“But they lied about the vision...” Cethen began, but gave up when he saw Luga’s expression tighten. “So how did the man lose my horse? What happened?”

“I saw a spear bounce off his back like it was magic,” Luga said, pleased to be asked the question, his great, bearded face full of awe. “Another was pushed away even as it was driven into his belly. Then he was thrown from his horse, and still he wasn’t hurt, so another man rushed in to kill him. But a spear came out of nowhere and took him in the throat, just as he struck the Roman on the back of the head with an axe!”

“An axe in the back of the head will usually do it,” Cethen said dryly. “It works well with bulls and chickens.”

“That’s just it,” Luga cried, pleased at the example. “It does, doesn’t it?. But with this man, it merely knocked his helmet off in pieces. After that, he crawled forward until several Romans rushed out and pulled him into their miserable square. I tell you, the Gods have charmed his life. There’s a spell on him.”

“If you took a spear in the throat when you’re trying to brain someone, your aim might be off a hair too,” Cethen observed, then another thought struck him. “Shit, that’s three helmets the Roman’s gone through since Spring.”

“You can see that Luga’s got nothing better to do on a battlefield than watch others fight,” Cian gibed.

“That’s not true,” Luga protested. “You were there, too.”

“I was too busy doing the fighting. Never saw a thing.”

“I was fighting too, curse you. It doesn’t stop a person seeing things.”


Luga pondered the comment for a moment, then growled, “What do you mean by that?”

“Shit,” Cethen interrupted, “I thought you two weren’t supposed to fight until after the battle.”

Both men glared at him, then Luga spoke slowly, with just the trace of a smile. “Cethen, that doesn’t make any sense.”

Chapter XXV

Elena rode into the fortress, overwhelmed by a sickening fear she was too late. The few dead outside the gate were hardly worth a glance, but inside it was worse than the slaughter of cattle at Samhain. She reined in, stunned by the sight of so much killing. Bodies littered the muddy ground like blood soaked pebbles, and there was scarce a trace of Roman colour among them. In places it looked as if the dead had been strewn like leaves, except nothing stirred but the wind blown flutter of loose clothing. The Roman infantry had left no wounded behind.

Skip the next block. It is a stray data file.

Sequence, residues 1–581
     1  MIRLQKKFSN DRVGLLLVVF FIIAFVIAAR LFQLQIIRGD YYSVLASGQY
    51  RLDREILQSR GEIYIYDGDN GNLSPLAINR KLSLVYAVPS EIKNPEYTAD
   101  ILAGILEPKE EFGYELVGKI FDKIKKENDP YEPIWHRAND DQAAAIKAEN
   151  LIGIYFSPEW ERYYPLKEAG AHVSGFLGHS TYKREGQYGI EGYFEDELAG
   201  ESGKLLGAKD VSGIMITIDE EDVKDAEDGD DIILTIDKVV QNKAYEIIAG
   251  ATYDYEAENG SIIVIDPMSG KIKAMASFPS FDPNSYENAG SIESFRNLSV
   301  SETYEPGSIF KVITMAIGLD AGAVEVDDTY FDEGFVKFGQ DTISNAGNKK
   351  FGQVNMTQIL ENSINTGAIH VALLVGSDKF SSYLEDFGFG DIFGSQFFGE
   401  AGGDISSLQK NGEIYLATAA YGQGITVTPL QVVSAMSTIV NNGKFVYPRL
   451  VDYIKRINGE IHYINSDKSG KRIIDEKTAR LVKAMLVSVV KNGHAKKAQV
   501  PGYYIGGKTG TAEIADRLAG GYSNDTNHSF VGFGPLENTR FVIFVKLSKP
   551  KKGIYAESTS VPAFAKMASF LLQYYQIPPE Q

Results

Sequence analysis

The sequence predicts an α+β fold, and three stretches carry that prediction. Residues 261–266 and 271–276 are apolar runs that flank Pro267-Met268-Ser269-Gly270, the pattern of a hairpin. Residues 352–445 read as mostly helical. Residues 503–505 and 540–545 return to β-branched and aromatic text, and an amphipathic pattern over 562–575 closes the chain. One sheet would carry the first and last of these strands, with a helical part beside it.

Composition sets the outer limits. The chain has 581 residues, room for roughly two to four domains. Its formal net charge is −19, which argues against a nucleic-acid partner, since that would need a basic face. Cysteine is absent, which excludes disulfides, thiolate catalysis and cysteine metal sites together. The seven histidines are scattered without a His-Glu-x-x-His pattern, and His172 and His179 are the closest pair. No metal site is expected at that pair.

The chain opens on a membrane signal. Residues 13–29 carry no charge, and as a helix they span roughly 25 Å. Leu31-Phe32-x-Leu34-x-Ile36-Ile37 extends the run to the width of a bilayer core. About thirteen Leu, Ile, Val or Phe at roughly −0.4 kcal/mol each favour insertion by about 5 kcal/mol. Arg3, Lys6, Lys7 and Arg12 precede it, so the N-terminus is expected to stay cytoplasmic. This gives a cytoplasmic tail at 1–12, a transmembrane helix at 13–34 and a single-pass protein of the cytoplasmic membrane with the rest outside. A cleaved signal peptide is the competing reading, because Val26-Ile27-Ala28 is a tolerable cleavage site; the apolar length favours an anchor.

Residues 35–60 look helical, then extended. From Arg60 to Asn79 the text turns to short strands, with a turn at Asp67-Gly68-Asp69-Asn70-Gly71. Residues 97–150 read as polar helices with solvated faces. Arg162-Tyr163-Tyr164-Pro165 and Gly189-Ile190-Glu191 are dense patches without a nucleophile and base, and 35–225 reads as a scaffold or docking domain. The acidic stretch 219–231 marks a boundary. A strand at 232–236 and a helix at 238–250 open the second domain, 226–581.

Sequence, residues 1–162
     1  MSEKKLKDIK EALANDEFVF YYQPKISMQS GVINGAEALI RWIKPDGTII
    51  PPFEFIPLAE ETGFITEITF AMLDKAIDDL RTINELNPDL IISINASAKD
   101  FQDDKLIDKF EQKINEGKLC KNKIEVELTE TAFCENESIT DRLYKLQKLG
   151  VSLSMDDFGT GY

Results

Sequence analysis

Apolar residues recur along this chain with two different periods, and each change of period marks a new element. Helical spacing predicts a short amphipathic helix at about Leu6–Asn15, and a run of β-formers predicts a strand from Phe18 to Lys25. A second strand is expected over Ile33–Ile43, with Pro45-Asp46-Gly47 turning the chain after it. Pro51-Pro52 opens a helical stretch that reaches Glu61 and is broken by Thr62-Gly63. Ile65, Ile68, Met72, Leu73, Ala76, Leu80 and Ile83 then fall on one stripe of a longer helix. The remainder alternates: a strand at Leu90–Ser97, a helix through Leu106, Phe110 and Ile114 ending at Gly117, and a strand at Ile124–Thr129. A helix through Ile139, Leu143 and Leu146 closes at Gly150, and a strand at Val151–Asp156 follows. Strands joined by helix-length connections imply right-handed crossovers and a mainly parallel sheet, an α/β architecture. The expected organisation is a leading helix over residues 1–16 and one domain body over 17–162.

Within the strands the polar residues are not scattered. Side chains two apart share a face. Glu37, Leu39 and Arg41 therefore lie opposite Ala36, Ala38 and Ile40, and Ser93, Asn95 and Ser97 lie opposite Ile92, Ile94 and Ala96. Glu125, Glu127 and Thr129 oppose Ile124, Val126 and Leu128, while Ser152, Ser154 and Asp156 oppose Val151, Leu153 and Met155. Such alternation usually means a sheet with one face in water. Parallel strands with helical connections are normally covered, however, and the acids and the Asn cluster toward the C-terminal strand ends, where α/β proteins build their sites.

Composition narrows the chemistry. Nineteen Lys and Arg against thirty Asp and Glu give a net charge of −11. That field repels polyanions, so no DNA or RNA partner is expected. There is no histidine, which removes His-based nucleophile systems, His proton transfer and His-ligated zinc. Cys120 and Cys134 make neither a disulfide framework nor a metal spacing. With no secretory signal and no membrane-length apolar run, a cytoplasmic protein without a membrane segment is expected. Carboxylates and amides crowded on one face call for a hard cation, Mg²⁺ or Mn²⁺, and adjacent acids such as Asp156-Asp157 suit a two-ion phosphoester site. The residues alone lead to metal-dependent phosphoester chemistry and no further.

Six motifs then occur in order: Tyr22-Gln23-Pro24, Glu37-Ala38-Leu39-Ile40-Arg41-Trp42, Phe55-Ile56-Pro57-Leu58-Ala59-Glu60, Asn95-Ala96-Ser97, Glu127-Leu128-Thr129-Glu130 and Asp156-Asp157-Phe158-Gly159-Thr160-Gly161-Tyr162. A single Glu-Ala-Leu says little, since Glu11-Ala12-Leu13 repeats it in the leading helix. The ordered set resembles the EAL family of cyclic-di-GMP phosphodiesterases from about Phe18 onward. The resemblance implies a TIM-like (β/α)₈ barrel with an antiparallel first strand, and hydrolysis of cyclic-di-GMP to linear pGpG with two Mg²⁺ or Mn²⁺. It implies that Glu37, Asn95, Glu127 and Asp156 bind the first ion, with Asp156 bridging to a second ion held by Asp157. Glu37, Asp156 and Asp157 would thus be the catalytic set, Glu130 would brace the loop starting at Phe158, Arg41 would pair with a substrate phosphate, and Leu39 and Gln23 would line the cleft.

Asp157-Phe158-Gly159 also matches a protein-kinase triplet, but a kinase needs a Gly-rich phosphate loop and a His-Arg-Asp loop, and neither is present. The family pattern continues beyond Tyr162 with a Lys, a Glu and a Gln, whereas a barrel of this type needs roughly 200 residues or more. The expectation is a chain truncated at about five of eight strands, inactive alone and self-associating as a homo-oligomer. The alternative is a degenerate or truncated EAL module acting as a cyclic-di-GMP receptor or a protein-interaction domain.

The fighting had already moved a third of the way across the enclosure. The Roman line stretched from one side of the fortress to the other, a distance of over a mile. Cerialis had gambled, committing most of his precious legion just to maintain a front of three ranks. But it was working. The battlefield trailing the advance was a graveyard. Half the cavalry, no longer needed inside the ramparts, had been sent North to cut off any retreat. It was a gesture of pure confidence.

Elena cursed silently and focussed on where the lodge sat, halfway across the huge compound. It was ahead of the Roman line. Thankful, she once more kicked the horse onward and at first it balked, eyes rolling and nostrils flared with the scent of blood and smoke. She lashed angrily at its flanks with the loose end of the reins, and it bolted forward. It lurched past a score of burning hovels, careless of the bodies beneath its hooves, stumbling and kicking as it raced on in growing panic. Elena fought to regain control and almost crashed into the rear ranks of Roman infantry, but the beast stopped short, its front legs suddenly as stiff as stilts. She hurtled forward over the animal’s neck.


The word was screamed by a harsh male voice. Elena stared up through a star riddled haze and saw the decanus Octavius, wrestling with a wild faced infantryman. The soldier glared hate as his sword swung uncertainly a hair’s breadth from her throat, the scarlet glaze of battle in his eyes. For a moment she thought the man would thrust anyway, but the glare focussed and the light dimmed. He turned without a word and ran, for he was now a half dozen paces behind the line. Octavius offered an arm and pulled her to her feet.

“He’s over there.”

Octavius answered her question before it was asked, pointing his stained sword vaguely behind the ranks of shuffling infantry. Without waiting further he ran forward, but not before burying his blade in the twitching body of a fallen Briton on the off chance the man was not yet dead.